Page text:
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Date story was published: Sunday, September 17, 1995

BLOOMINGTON, Ind. -- Hey, Roadkill, come on down.

The coast is clear. Stop those opportunistic publicity stunts, toss those charts detailing historic losing streaks, scrap those jokes about how getting your seats upgraded in Kentucky football means moving five rows closer to the exit. It's over.

"When you lose 12 straight games," UK defensive back Steven Hall said, "you're going to be the butt of a lot of jokes."

Only they are losers no more.

Hey, Roadkill, come on down.

Kentucky 17, Indiana 10.

"Just another routine win, basically," cracked Cat Coach Bill Curry.

No, this was everything but routine, the Cats (1-2) snapping the nation's longest losing streak by winning for the first time since Sept. 3, 1994, overcoming an early 10-0 deficit to upset Indiana (1-1) at Memorial Stadium.

Billy Jack Haskins, making his first career start at quarterback, raced 42 yards for a touchdown on an option play to put the Cats up 14-10 with 11:10 left. Brian Sivinski nailed a career-long 49-yard field goal with 7:32 remaining. And time after time the Cat defense -- ransacked for 59 points and 650 total yards in this game a year ago -- made play after play, holding Indiana to a shocking 152 total yards, the lowest amount allowed by a Curry defense at UK.

"To say the least, it was a very disappointing loss," IU Coach Bill Mallory said.

Because it came against the same Kentucky that had lost 24-8 to the Hoosiers here in '93, then 59-29 a year ago in Lexington. It came against the same UK that had one Lexington disc jockey, Roadkill Kessler, living atop a tower on Nicholasville Road, vowing not to descend until the Cats tasted victory again.

After a 13-10 season-opening loss to Louisville, and a 42-7 thumping by Florida, it appeared Roadkill might be living above the road for quite some time.

"But coach did a great job keeping our morale up," Hall said. "He believed in us. And our fans, just look at how many people we had here (yesterday) believed in us. The only people who didn't believe in us was us."

Maybe they had ample reason not to, especially early yesterday. First two Indiana possessions produced Indiana scores. Bill Manolopoulos kicked a 42- yard field goal. Tailback Alex Smith, who ripped the Cats for 221 yards a year ago, rolled 19 yards for a touchdown. It was 10-0 Big Red with less than 10 minutes having ticked off the clock.

"But I started feeling things that made me feel a whole lot better about the game," Curry said. "There was an intensity there."

There were some breaks. Good breaks. Taking over on their 2-yard line late in the first quarter, the Cats benefited from a pair of Hoosier misdeeds. First, with UK punting from its 31, IU ran into the kicker, giving the visitors a first down. Five plays later, on what would have been a third-and- five, the Hoosiers committed a late personal-foul penalty, putting the ball on the 24. Haskins hit O'Ferral with an 18-yard pass. Moe Williams scored from the 1.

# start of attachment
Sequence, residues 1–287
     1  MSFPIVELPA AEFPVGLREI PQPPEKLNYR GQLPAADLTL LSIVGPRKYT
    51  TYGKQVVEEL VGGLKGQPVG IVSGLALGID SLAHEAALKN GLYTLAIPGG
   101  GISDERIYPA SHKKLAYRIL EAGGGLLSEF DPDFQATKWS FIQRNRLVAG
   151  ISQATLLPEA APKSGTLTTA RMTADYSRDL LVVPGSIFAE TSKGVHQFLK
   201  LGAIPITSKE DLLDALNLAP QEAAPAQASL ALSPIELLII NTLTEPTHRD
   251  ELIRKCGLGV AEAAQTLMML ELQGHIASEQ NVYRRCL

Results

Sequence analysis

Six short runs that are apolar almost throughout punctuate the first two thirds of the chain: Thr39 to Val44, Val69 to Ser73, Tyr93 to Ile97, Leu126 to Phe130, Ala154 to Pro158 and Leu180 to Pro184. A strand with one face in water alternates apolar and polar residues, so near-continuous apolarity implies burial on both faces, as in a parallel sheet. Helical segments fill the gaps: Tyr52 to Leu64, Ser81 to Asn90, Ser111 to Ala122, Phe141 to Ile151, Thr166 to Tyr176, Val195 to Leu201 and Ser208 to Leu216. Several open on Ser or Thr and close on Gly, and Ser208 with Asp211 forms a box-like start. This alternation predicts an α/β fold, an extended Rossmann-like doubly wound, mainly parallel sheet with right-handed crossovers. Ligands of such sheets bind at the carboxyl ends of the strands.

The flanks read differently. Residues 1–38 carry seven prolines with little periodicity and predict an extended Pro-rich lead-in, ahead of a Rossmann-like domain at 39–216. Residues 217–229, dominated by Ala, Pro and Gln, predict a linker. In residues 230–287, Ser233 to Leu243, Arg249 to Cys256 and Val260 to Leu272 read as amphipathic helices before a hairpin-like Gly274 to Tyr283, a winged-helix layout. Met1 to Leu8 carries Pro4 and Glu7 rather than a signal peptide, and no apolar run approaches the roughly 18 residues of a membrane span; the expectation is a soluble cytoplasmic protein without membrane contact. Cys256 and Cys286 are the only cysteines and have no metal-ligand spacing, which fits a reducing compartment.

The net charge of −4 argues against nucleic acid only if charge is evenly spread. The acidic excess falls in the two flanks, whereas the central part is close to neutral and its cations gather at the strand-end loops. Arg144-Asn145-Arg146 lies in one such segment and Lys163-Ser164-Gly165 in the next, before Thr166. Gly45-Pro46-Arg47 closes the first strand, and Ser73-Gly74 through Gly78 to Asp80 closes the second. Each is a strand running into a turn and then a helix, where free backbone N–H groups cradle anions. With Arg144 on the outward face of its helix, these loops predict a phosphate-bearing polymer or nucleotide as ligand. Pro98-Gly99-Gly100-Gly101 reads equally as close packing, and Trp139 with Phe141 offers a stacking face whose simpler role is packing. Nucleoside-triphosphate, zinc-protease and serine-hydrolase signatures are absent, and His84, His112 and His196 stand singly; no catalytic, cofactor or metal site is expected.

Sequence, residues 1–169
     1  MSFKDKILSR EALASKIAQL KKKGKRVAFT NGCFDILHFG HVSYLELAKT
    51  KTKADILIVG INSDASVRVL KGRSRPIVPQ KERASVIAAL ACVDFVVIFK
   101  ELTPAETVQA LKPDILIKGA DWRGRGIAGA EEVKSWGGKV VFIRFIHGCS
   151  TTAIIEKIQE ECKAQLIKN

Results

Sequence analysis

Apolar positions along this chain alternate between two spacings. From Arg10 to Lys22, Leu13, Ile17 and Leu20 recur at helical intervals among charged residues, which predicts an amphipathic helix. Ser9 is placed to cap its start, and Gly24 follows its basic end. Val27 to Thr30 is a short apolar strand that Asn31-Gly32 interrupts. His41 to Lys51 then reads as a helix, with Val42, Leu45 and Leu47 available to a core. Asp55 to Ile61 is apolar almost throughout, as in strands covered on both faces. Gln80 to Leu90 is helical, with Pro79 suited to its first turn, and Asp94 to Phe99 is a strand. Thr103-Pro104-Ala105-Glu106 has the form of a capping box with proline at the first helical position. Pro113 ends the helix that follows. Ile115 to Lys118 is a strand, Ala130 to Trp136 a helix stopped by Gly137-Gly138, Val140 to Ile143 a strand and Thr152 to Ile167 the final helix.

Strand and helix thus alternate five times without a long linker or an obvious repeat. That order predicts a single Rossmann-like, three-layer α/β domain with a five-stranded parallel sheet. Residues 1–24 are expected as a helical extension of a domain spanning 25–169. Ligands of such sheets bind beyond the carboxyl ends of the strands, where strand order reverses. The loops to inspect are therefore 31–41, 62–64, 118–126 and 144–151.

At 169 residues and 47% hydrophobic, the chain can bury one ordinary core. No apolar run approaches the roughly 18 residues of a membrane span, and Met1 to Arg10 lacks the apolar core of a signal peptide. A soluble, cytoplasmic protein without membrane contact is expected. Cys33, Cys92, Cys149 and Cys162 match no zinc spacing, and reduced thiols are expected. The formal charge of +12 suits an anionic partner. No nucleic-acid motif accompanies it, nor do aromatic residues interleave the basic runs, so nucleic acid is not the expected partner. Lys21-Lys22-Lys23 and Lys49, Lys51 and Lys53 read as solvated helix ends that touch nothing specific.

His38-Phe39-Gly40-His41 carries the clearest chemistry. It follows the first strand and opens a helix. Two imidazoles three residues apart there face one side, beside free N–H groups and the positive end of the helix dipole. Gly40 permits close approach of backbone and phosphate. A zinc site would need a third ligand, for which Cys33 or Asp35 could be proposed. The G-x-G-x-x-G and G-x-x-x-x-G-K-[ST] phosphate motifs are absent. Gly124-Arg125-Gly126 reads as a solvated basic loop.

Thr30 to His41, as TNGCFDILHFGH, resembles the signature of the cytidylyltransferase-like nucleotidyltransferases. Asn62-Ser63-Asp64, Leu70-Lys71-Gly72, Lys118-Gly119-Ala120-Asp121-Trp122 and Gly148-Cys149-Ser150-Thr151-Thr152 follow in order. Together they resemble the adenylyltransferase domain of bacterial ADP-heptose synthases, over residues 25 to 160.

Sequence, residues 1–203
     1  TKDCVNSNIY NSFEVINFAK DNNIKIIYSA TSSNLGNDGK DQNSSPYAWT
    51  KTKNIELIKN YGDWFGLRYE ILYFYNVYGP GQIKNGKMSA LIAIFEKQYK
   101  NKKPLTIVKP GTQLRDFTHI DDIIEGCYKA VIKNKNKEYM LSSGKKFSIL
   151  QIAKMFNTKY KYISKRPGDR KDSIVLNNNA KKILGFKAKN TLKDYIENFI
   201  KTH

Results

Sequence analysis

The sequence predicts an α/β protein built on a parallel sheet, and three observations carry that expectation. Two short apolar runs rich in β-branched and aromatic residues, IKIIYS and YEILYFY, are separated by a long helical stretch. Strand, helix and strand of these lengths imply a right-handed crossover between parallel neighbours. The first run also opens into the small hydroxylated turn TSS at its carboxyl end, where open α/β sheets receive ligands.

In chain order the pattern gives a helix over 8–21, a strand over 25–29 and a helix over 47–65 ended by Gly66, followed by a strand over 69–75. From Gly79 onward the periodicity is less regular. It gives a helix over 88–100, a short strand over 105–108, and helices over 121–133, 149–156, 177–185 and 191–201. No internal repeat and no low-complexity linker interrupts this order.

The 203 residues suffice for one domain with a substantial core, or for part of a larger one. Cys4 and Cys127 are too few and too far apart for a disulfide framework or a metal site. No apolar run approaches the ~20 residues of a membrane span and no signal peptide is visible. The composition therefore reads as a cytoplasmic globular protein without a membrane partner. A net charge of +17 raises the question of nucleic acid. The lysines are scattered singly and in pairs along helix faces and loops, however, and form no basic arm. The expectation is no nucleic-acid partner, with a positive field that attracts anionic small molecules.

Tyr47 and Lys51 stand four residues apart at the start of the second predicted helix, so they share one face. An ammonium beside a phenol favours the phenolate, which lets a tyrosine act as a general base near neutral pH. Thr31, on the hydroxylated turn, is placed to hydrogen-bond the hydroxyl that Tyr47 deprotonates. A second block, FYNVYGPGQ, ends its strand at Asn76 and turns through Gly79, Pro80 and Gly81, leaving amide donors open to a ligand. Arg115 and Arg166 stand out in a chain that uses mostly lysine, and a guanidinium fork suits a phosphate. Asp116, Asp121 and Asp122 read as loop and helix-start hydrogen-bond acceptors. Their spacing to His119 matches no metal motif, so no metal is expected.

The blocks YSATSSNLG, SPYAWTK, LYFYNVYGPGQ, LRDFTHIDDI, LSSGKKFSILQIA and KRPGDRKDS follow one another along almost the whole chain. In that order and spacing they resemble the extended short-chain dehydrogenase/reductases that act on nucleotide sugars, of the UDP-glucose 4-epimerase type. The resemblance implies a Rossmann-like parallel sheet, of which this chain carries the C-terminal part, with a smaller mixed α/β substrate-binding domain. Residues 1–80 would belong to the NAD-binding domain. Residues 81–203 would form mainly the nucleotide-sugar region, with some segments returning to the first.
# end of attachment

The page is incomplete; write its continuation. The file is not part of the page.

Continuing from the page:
"We knew we could move the ball on these guys," said Haskins, who did not find out he was going to start until just before kickoff. "When we did it that time, it really gave us some confidence."

Confidence the Cat defense apparently picked up on. After Indiana's first two scoring drives, the Hoosiers gave up the football eight times by punt, three times by fumble, and once on downs. Never in the second half did the Hoosiers snap the football in Kentucky territory.

"It just wasn't a very well played football game," groused Mallory.

Quarterback Chris Dittoe completed just seven of 23 passes for 59 yards. The 6-foot-6 junior had six passes either tipped or knocked down at the line of scrimmage. He was officially sacked five times.

"Our front four just did a great job," linebacker David Snardon said. "They were just all over him the whole game."

There was one tiny detail left for victory, however. The Cats had to score. The offense managed just 88 total yards the first half, continually victimized by Hoosier blitzes.

"But Coach (Elliot) Uzelac made an adjustment at halftime," Haskins said. "We went more to the option and he gave us some different blocking schemes."

"They changed and went to an eight-man front and we had to adjust to that," said Uzelac, who spent 1990 on Mallory's staff at IU. "We made some changes and the guys did a good job of adjusting to them. Most of the time. But this is all new to them."

Taking the lead was certainly new. But after another IU penalty -- 15 yards again for a late hit -- Haskins took off on an option to the left side, turned the corner, looked up "and nobody was there," he said, and he raced 42 yards to a 14-10 lead.

"You live by the blitz, you can be burned by the blitz," Curry said.

Four minutes later, UK defensive end Kurt Supe knocked the ball from Dittoe, and fellow end Chris Ward recovered at the IU 37. Sivinski's 49-yard field goal increased the lead to a touchdown.

Indiana got the ball twice more after that. First, on fourth-and-two from the 48, the Hoosiers jumped offsides. Punt. Their last chance started at the 27 with 1:33 left, but Dittoe was sacked not once, not twice, but three straight times.

Ball game. Winning ball game.

"Wild and crazy and happy," said freshman receiver Craig Yeast of the post- game locker room, in which the team sang the school fight song before Curry even had a chance to get inside. "I made them sing it again," Curry said.

"You win one game and it changes the whole season," said tailback Moe Williams, who carried the football a school-record 35 times and gained 120 yards. "People are already talking about Monday's practice."

"All I know is that this is a great feeling," Haskins said. "We want to feel this again."